• Place your right arm straight across your chest
  • Place your left hand on your right elbow and push gently toward your chest
  • Hold the stretch for 15 seconds
  • Repeat with opposite arm


Chest and Shoulder Stretch:

  • This exercise can be performed kneeling, sitting, or standing
  • Make sure your spine is straight and tall and shoulders are back
  • Clasp your hands behind your back, straighten your arms and lift them as high as you can.
  • Hold the stretch for 15-30 seconds.
  • Lower your arms and repeat 1-3 times.


Tricep Stretch:

  • Stand straight with your feet hip distance apart
  • Place the palm of your right hand on your back near your right shoulder
  • Lift your left arm over your head, and use your left hand to push your right elbow back and towards your ear.
  • Hold the stretch for 10-30 seconds.
  • Repeat on other side


Sideways Bends:

  •  Stand straight with your feet about shoulder width apart.
  • Place your right hand on your waist and lift your left arm straight up alongside your ear and curve it slightly over your head.
  • Bend as far as you can to the right, reaching with your fingertips, keeping your neck straight and your eyes forward.
  • Concentrate on leaning directly to the side – do not lean forward or backward.
  • Hold the stretch for 15-30 seconds then straighten
  • Repeat on other side.


groin stretching exercises to improve flexibility


 Forward Bend:

  • Stand straight with legs together and arms at your sides
  • Slowly bend forward, reaching your fingertips towards your toes, keeping your back straight
  • Bend as far as you can, then hold the stretch for 15-60 seconds
  • Slowly roll up to standing position

 

Hamstring Stretch:

  • Sit on the floor with your legs spread about shoulder width apart
  • Keeping your spine and neck straight, slowly bend forward from the waist, reaching both hands toward your right toes.
  • Stretch as far as you can and hold this position for 15-30 seconds
  • Slowly roll back up to starting position and repeat, bending toward your left toes
  • Do not curve your back or bend your neck to look toward your  knees – always keep your face forward or you could strain your neck and shoulders.

 

**Alternate: Place one leg straight out and bend your other leg so the sole of your foot is against your inner thigh. Bend forward toward the extended leg, hold the stretch, then switch sides.

**Alternate: Stretch both legs straight out in front of you, keeping them together and flexing your toes. Bend at the waist, reaching toward your toes. Hold the stretch for 15-60 seconds then release.

 

Glute Stretch:

  • Sit on the floor with both legs stretched straight out in front of you
  • Cross your right leg over your left and bend your right knee until your right foot is along the outside of your left knee.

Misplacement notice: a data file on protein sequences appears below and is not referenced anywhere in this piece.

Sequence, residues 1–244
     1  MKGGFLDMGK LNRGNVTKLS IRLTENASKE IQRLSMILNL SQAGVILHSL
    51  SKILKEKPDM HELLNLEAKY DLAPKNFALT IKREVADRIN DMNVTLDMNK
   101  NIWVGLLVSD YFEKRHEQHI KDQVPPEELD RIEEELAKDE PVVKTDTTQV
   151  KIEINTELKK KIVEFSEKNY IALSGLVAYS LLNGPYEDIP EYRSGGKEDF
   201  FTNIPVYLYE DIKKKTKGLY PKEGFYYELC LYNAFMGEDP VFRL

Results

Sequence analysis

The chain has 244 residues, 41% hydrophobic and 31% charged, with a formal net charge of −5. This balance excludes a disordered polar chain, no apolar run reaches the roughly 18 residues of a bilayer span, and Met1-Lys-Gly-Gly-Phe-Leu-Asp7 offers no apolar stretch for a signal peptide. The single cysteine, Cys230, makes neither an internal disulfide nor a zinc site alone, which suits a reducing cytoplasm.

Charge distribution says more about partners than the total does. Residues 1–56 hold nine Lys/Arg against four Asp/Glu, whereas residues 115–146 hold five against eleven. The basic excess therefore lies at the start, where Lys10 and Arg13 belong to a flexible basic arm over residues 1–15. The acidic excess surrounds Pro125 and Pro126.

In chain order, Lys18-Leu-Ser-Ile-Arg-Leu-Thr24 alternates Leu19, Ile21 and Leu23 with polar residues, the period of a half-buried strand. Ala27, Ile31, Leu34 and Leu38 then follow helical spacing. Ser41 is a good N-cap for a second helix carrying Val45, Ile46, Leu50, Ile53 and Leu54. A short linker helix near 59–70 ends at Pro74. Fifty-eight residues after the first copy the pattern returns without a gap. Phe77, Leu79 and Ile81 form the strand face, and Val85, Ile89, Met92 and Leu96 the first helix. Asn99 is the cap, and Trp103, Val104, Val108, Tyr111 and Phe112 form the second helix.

• Make sure your foot is flat on the floor
  • Use your hands to gently pull your bent knee towards the left, feeling the stretch in your buttocks.
  • Hold for 15-30 seconds then release
  • Repeat on other side.

 

Quadricep Stretch:

  • Stand straight with your feet about hip width apart
  • Bend your right leg and use your right hand to pull your  heel towards your buttocks
  • Hold for 25-30 seconds
  • Switch sides 


hamstring exercises to improve flexibility

Groin Stretch:

  • Sit on the floor with your back straight and shoulders pulled back
  • Bend both knees and place the soles of your feet against each other
  • Grab your feet with both hands and slowly pull your heels toward your hips
  • Only go as far as you can without feeling pain
  • For an extra challenge, you can press your knees towards the floor to increase the stretch
  • Hold the position for 15-30 seconds

 

Calf Stretch:

  • Stand with your feet about hip distance apart
  • Place the toes of your right foot on a slightly raised surface (a low step, curb, or even a dumbbell works great), keeping the heel on the floor
  • Hold the stretch for 15-30 seconds
  • Switch sides


Calf Stretch #2:

  • Stand facing a wall with your feet about hip distance apart
  • Place both palms flat on the wall , about chest height and shoulder width apart
  • Adjust your distance from the wall so that your arms are extended straight.
  • Bend your left knee and step back with your right foot until only your toes are touching the floor.
  • Gently push your heel toward the floor until you feel the stretch.
  • Hold for 15-30 seconds
  • Repeat with other leg

 

Calf Stretch and Shin Stretch:

  • Sit on the floor with your legs together and extended straight out in front of you
  • Keep your heels on the floor and slowly flex your toes toward your body, feeling the stretch in your calves.
  • Hold this position for 15-30 seconds then release